Archbishop Nelson Perez returned for a kind of liturgical doubleheader on home field this past Sunday, celebrating two back-to-back Masses at Holy Innocents Parish in Philadelphia.

The July 26 liturgies each drew approximately 175 attendees, who filled the pews under current social distancing guidelines while smiling behind face masks at the priest many remember as “Padre Nelson.”

(View a photo gallery of Archbishop Perez’s July 26 visit to Holy Innocents Parish.)

“I know my way around here; I used to get my hair cut next door,” said Archbishop Perez, noting that he had spent some 20 of his previous 23 years of Philadelphia ministry in the city’s northern neighborhoods of Juniata Park, Olney and Lawncrest.


The 12 p.m. Mass also marked the first liturgy Archbishop Perez has celebrated in Spanish since his return to the Archdiocese.

In both of his homilies, Archbishop Perez noted that the weekend coincided with the eighth anniversary of his episcopal consecration, an appointment that took him off guard.

In 2012, having told his then-congregants at a Pentecost liturgy that “God is a God of surprises,” the archbishop said he “was eating those words two days later” when he was told he was to be made a bishop.

“The surprises have never stopped,” he added, with “the biggest surprise of all” being his 2020 installation in Philadelphia.

“I never thought I would be back,” he admitted, adding that “the only real cheesesteaks” are to be found in Philadelphia.

Archbishop Perez said he had known Holy Innocents pastor Father Thomas Higgins for more than three decades, and had lived with parochial vicar Father Angelo Hernandez for eight years at nearby St. William Parish.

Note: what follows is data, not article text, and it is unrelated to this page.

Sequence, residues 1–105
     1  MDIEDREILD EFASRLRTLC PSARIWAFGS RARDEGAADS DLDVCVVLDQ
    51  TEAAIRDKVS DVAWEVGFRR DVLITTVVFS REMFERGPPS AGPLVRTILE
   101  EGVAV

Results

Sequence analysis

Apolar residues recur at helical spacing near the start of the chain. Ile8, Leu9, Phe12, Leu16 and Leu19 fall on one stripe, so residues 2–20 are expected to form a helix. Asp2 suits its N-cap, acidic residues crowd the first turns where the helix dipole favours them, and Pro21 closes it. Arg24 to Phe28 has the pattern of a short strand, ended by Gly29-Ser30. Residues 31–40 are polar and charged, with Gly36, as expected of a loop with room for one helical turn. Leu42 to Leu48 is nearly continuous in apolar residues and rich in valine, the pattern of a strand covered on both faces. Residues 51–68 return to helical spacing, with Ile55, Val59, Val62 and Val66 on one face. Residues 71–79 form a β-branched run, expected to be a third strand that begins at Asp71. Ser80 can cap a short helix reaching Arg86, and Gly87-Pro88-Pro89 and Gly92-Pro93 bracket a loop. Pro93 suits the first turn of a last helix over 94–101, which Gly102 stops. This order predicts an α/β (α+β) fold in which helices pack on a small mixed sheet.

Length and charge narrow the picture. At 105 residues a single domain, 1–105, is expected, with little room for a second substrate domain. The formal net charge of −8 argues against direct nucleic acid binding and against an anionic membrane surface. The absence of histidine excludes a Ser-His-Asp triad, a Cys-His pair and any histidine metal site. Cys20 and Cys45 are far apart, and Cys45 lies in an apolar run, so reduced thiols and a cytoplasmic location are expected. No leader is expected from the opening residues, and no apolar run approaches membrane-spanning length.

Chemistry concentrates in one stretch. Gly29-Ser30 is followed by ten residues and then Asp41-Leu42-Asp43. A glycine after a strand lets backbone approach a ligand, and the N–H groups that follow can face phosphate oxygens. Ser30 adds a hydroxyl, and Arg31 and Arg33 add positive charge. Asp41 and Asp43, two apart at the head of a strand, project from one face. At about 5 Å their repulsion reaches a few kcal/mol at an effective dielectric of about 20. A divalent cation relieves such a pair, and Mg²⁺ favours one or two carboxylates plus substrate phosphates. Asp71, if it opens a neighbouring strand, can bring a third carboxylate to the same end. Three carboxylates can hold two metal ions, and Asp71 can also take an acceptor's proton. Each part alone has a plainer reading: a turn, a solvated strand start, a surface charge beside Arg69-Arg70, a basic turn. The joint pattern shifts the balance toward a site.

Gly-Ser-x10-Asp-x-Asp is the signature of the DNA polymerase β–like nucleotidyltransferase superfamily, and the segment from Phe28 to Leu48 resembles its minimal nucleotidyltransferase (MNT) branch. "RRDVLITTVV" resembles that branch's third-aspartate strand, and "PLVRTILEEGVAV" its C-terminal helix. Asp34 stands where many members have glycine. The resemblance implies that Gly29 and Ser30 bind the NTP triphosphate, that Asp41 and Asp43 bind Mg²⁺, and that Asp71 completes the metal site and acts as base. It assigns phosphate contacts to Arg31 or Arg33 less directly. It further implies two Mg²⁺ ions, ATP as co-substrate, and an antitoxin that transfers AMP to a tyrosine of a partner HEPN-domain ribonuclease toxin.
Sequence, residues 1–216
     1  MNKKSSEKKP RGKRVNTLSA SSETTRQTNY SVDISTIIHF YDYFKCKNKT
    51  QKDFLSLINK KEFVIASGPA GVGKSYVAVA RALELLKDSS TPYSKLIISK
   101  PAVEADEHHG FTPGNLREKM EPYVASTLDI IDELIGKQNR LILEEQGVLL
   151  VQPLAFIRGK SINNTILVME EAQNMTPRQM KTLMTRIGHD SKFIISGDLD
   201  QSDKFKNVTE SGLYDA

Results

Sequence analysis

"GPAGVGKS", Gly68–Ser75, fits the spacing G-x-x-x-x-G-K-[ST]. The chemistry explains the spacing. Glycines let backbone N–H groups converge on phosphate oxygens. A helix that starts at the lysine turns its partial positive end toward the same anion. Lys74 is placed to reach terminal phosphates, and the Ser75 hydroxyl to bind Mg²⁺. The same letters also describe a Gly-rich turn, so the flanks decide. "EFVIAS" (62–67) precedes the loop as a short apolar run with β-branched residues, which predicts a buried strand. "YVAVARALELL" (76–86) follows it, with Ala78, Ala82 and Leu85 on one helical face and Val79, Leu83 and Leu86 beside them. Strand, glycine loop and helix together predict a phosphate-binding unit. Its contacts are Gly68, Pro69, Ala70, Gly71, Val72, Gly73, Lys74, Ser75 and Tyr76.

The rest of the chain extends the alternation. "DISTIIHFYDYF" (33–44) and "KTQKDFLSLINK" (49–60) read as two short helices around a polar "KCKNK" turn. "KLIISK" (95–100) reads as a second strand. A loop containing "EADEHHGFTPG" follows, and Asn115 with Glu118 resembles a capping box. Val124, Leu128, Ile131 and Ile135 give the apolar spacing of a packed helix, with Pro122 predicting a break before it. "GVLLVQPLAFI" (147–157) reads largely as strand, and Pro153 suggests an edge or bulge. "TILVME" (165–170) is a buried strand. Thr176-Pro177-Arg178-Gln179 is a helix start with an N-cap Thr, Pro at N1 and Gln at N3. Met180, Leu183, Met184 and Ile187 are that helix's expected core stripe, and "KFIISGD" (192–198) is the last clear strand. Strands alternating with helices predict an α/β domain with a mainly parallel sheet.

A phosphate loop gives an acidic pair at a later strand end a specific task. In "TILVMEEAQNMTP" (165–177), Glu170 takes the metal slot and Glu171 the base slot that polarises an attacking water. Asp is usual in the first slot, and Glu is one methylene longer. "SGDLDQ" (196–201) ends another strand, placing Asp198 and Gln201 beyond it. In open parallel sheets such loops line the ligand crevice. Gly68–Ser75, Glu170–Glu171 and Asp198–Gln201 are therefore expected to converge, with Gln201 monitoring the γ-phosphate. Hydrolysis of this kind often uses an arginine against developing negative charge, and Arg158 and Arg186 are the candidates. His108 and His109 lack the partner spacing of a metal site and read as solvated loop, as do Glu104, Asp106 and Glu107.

“And I survived,” said Archbishop Perez.

He also commended the Sisters, Servants of the Immaculate Heart of Mary (IHM) in residence at Holy Innocents, as the order observes its 175th anniversary.

“You look good for that age,” he joked.

The archbishop urged faithful at both Masses to avoid becoming “self-absorbed navel-gazers,” even amid the challenges of the COVID-19 pandemic and social unrest, and to instead focus on the eternal hope offered by Christ’s death and resurrection.

“Pope Francis has said that sometimes we Christians look like we’re leaving a funeral,” he said. “Are you happy? Well, you might want to tell your face.”

Quoting the pope’s 2013 apostolic exhortation, Evangelii Gaudium (“The Joy of the Gospel”), Archbishop Perez said that the vision of the church is for its members to be a “community of missionary disciples … who bear fruit and rejoice.”

He invited attendees to read the exhortation themselves, and to “take initiative, … to see and respond” to the needs of those around them.

That message resonated with Father Higgins, who appreciated the extended visit by the archbishop at the multilingual parish.

“It’s great for the community, because we’re so diverse,” said Father Higgins. “To have him be able to celebrate Mass in English and in Spanish was wonderful.”

Given the God of surprises, “maybe in a year or two we’ll get him back to celebrate a Vietnamese Mass as well,” he said.